Woody Guthrie Foundation and Archives Educational Curriculum
SOCIAL STUDIES: Unions
"You can't scare me, I'm sticking to the union," sings Woody Guthrie. He had witnessed exploitation of workers across the United States and participated in the union movement, especially singing at events to promote the organization of labor. Alone and as a member of The Almanac Singers, Woody sang at union meetings during the 1940's.
As Bonnie Christensen writes in Woody Guthrie, Poet of the People: "It was clear to Woody that the people needed a voice to speak for them, a voice to ask their questions. They needed someone who was not afraid of the bosses, someone who knew what it was like to be poor. Woody Guthrie became their voice, and songs were his way of speaking. 'I made up songs telling what I thought was wrong and how to make it right,' he said."
Teachers who read The Grapes of Wrath by John Steinbeck will get insights into what Woody knew about folks trying to organize as well as the problems they faced.
Your class may listen to the following songs:
As Woody witnessed the plight of miners, migrant workers, builders and factory workers, he came to believe that workers would only achieve justice if they formed unions. The biographies in the bibliography tell of his involvement at rallies and union meetings, speaking and singing.
A great way to find out about unions is to invite parents of students in your class or school who are union members to come in and speak to the children. Have the class interview the union member. Ask them why they are in a union, what are some of the protections they receive and what activities they can share about their particular union.
Based on bibliographical materials and presentations by parents who are union members, students can break up into small groups and create a web together. In the middle of the web they write "Union members have common goals" with spokes coming out of the center. On the spokes, they brainstorm what some of the common goals are (fair treatment, insurance benefits, decent hours, adequate bathroom facilities, time off, safe working conditions, just wages).
Using their web, groups can make a union poster reflecting their ideas. Or instead of a visual image, students could write a mock radio show script and perform it for the class. Students may tie their project in to an actual situation in their neighborhood or city that involves an issue in which unions are involved. For example, students in Chicago became involved in a boycott of a play that would not hire union musicians.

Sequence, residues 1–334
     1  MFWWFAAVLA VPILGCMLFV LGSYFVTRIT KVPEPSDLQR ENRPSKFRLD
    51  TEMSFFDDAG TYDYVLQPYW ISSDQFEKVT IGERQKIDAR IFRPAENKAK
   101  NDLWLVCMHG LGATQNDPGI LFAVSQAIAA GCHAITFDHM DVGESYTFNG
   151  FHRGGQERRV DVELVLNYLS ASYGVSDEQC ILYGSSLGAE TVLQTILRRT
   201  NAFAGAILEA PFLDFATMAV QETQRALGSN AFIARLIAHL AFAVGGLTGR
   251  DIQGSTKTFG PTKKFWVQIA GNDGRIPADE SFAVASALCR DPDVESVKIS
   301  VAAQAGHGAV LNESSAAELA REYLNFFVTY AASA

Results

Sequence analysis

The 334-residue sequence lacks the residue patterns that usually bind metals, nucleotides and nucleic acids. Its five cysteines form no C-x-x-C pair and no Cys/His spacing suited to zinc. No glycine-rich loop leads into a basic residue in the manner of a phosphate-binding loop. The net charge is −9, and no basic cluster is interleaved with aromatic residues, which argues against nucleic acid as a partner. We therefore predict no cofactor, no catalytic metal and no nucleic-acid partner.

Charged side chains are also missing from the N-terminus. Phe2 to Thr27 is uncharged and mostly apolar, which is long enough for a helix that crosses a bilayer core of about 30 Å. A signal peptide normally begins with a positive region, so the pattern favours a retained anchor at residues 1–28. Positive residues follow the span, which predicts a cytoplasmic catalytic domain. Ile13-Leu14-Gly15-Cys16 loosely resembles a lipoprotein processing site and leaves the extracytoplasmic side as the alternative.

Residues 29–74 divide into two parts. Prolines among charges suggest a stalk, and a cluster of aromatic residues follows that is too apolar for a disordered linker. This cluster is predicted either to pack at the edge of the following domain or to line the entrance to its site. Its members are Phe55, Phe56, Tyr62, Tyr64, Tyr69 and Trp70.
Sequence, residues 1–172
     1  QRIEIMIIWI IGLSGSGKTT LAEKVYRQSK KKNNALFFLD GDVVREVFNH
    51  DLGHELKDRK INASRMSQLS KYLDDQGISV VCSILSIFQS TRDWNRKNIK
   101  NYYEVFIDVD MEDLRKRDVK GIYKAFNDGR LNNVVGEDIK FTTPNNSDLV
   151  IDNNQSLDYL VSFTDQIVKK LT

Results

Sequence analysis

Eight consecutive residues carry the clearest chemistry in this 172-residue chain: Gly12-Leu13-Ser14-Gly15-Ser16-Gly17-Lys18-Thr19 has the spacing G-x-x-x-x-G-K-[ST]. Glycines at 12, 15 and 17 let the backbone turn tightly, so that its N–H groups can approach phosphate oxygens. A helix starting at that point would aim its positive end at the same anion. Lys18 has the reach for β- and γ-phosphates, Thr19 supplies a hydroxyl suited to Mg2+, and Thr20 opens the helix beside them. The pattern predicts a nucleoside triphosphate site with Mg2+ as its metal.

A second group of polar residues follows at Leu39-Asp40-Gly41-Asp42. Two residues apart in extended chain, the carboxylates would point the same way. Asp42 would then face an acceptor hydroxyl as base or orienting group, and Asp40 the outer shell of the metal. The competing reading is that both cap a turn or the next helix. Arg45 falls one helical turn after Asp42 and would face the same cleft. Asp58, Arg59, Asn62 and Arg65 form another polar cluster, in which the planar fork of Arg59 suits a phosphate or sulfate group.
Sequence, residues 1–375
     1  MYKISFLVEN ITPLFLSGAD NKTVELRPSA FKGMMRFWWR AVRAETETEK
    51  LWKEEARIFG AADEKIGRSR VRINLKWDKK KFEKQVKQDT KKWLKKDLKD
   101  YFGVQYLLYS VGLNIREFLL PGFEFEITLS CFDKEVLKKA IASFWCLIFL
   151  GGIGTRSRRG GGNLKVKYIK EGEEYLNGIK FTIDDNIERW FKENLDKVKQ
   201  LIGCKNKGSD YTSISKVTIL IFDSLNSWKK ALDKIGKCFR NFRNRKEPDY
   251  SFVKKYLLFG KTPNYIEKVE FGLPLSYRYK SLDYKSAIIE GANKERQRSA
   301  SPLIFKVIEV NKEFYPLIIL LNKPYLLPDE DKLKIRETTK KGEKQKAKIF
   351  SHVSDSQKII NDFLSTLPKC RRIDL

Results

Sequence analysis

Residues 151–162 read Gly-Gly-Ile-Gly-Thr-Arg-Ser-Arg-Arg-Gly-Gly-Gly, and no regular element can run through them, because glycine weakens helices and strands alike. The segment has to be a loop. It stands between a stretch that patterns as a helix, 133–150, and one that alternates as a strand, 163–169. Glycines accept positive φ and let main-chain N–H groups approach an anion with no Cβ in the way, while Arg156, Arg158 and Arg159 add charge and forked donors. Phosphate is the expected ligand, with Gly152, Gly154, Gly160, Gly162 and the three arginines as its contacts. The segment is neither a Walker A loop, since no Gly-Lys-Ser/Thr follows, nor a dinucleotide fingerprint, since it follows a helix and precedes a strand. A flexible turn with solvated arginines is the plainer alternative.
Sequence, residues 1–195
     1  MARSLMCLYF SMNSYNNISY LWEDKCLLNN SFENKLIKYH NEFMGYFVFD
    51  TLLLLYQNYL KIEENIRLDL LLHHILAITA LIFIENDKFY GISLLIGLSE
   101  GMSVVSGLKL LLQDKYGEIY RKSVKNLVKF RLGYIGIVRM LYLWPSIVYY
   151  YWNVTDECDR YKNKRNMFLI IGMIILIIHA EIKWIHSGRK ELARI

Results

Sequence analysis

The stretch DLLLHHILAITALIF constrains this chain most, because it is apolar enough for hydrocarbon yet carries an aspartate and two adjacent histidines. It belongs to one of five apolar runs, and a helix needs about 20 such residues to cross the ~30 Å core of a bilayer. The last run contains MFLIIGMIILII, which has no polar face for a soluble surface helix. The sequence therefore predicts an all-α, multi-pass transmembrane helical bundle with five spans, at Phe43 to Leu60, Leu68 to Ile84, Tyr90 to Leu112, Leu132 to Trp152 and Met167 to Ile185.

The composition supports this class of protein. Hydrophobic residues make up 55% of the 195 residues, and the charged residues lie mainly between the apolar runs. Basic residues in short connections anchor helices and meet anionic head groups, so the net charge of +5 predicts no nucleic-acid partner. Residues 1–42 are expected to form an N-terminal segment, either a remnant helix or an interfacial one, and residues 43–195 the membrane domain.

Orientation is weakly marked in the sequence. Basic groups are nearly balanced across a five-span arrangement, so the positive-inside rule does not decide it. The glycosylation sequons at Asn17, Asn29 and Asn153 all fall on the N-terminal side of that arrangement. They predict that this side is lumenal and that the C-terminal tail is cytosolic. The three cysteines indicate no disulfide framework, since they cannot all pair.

Proceeds from the premiere of the film "Bound for Glory", based on Woody Guthrie's book of the same title, went to the United Farmworkers. Investigate Cesar Chavez and the founding of the United Farmworkers. What problems did the workers face? How were they similar to the issues faced by migrant workers during the 1930's? What are some of the achievements of the United Farm Workers? What are some of the methods they used to achieve more rights for workers?
In learning about Cesar Chavez and methods used by his union, students will naturally come to study nonviolence. Investigate the use of boycotts, especially the lettuce and grape boycotts. Another nonviolent tool used by Chavez was fasting. This can be traced back to Gandhi. What other famous Americans used fasting and nonviolence to change social policy? What are examples of nonviolent resistance today?
Given the tradition of unions and Gandhian nonviolence, draw connections to issues of today. Why would some communities call for a boycott of Nike or Old Navy? What produce companies are currently being boycotted because of their treatment of workers?
In what ways is Student Council like a union? What issues affecting students could be taken up by a union? What schools have Student Unions? For older children may explore issues of the student movement here and abroad. (e.g. the student anti-war movement in the 1960's or the student anti-nuclear movement, the student movement in Tiannemen Square.)
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